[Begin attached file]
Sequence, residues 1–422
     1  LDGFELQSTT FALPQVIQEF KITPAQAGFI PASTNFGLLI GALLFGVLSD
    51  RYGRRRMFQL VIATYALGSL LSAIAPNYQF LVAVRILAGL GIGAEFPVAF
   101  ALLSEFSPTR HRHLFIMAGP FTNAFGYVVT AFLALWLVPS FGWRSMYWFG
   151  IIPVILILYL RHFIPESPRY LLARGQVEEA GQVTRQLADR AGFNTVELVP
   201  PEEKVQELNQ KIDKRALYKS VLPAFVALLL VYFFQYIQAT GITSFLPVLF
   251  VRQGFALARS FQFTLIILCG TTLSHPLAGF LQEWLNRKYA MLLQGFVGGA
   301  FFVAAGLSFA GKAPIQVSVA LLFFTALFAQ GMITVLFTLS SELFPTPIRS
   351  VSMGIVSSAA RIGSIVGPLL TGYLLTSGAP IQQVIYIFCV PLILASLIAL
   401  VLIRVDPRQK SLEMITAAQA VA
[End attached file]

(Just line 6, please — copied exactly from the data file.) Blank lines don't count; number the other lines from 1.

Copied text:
   201  PEEKVQELNQ KIDKRALYKS VLPAFVALLL VYFFQYIQAT GITSFLPVLF